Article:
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Title: Simeulue  
Author: World Heritage Encyclopedia
Language: English
Subject: List of 21st-century earthquakes, Sikule language, Simeulue language, List of earthquakes in 2008, John Chroston
Collection: Islands of Sumatra, Islands of the Indian Ocean
Publisher: World Heritage Encyclopedia


Location South East Asia
Area 2,310 km2 (890 sq mi)
Highest elevation 567 m (1,860 ft)
Highest point unnamed
Province Aceh
Regency Simeulue Regency
Largest city Sinabang
Population 82,100 (as of 2007 census)
Density 35.5 /km2 (91.9 /sq mi)
Washing the pith of sago palm (Metroxylon sagu); Simeulue

Simeulue is an island of Indonesia, 150 kilometres (93 mi) off the west coast of Sumatra. Its capital is Sinabang.

Simeulue was once a part of West Aceh Regency but was split off in 1999 and became a separate Simeulue Regency.


  • Demographics 1
  • 2004 Indian Ocean earthquake 2
    • Local wisdom 2.1
  • See also 3
  • References 4
  • External links 5


From the ethnic point of view the inhabitants of Simeulue are similar to the people of neighboring Nias Island. Three languages are spoken on the island: Devayan, Sigulai and Lekon, all of which are different from the languages spoken in the north of Sumatra.[1] The majority of the islands population are Muslim.

2004 Indian Ocean earthquake

Simeulue was close to the epicenter of the 9.3 magnitude 26 December 2004 earthquake.

On 28 March 2005, an 8.7 magnitude earthquake struck with its epicenter just off the south end of the island.[2] During the earthquake, Simeulue rose at least six feet on the western coast; this left the flat top of its coral reefs above high tide. On the east coast, the land was submerged, with seawater flooding fields and settlements.[3]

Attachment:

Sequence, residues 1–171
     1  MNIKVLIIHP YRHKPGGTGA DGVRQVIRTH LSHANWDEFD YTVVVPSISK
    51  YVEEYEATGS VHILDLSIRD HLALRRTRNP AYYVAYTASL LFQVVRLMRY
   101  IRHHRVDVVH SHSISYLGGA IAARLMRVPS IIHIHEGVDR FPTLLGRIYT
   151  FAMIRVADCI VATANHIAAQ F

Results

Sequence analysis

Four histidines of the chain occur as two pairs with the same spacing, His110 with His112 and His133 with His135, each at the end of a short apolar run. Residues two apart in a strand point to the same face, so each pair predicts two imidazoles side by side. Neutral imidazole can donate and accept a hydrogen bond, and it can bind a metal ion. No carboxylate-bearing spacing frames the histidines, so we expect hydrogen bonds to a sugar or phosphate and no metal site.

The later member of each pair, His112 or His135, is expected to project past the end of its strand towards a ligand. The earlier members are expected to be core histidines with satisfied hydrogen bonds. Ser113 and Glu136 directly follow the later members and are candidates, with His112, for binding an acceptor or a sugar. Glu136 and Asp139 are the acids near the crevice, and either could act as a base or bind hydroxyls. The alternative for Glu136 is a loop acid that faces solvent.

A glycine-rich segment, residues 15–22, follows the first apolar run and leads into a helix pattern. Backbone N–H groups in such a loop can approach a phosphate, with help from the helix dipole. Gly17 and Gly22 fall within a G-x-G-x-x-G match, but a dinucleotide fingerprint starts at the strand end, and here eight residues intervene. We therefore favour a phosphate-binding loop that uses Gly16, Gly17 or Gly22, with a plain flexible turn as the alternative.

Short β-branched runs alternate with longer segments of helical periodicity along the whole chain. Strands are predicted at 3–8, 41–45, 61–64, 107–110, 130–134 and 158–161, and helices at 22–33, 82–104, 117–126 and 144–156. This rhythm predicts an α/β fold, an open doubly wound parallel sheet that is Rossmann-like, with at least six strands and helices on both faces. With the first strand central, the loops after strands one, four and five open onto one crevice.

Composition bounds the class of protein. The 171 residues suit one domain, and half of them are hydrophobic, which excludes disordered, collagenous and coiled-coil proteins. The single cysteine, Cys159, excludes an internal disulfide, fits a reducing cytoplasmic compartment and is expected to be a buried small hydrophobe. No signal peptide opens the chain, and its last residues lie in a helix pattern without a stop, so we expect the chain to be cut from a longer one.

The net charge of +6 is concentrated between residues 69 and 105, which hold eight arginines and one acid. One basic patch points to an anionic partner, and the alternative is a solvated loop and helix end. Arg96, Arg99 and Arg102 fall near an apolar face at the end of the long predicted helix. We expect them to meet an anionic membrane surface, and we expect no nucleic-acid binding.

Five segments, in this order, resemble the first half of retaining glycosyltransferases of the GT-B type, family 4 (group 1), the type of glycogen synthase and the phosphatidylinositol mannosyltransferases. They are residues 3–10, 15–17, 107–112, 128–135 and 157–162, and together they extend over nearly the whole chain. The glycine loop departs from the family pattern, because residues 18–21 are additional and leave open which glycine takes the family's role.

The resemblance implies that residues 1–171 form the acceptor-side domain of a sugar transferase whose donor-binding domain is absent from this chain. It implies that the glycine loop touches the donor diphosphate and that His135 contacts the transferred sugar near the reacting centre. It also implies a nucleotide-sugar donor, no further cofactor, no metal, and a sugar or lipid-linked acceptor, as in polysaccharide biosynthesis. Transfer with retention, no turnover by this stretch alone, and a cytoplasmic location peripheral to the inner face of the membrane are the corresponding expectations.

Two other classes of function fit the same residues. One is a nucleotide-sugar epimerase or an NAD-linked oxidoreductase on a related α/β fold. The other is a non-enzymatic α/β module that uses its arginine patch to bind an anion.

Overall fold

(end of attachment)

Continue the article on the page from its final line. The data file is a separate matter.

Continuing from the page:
Local wisdom

Although Simeulue Island was only 60 kilometers from the epicenter, while Banda Aceh was about 250 kilometers, 6 residents died while the remaining 70,000 persons were safe because of local wisdom called 'smong', which after an earthquake, when the tide suddenly recedes, they should evacuate to highland as soon as possible.[4]

See also


  1. ^ BPS Kabupaten Simeulue (2003). Simeulue Dalam Angka 2012. BadanPusatStatistik.Com.  
  2. ^ Gibbons, Helen (April 2005) "Second Tsunami Causes Damage in Indonesia—USGS Scientists Post Observations on the World Wide Web" United States Geological Survey
  3. ^ Saved by tsunami folklore, BBC News From Our Correspondent, 10 March 2007
  4. ^ "Pulau Simeulue". October 13, 2013. 

External links

  • Media related to at Wikimedia Commons
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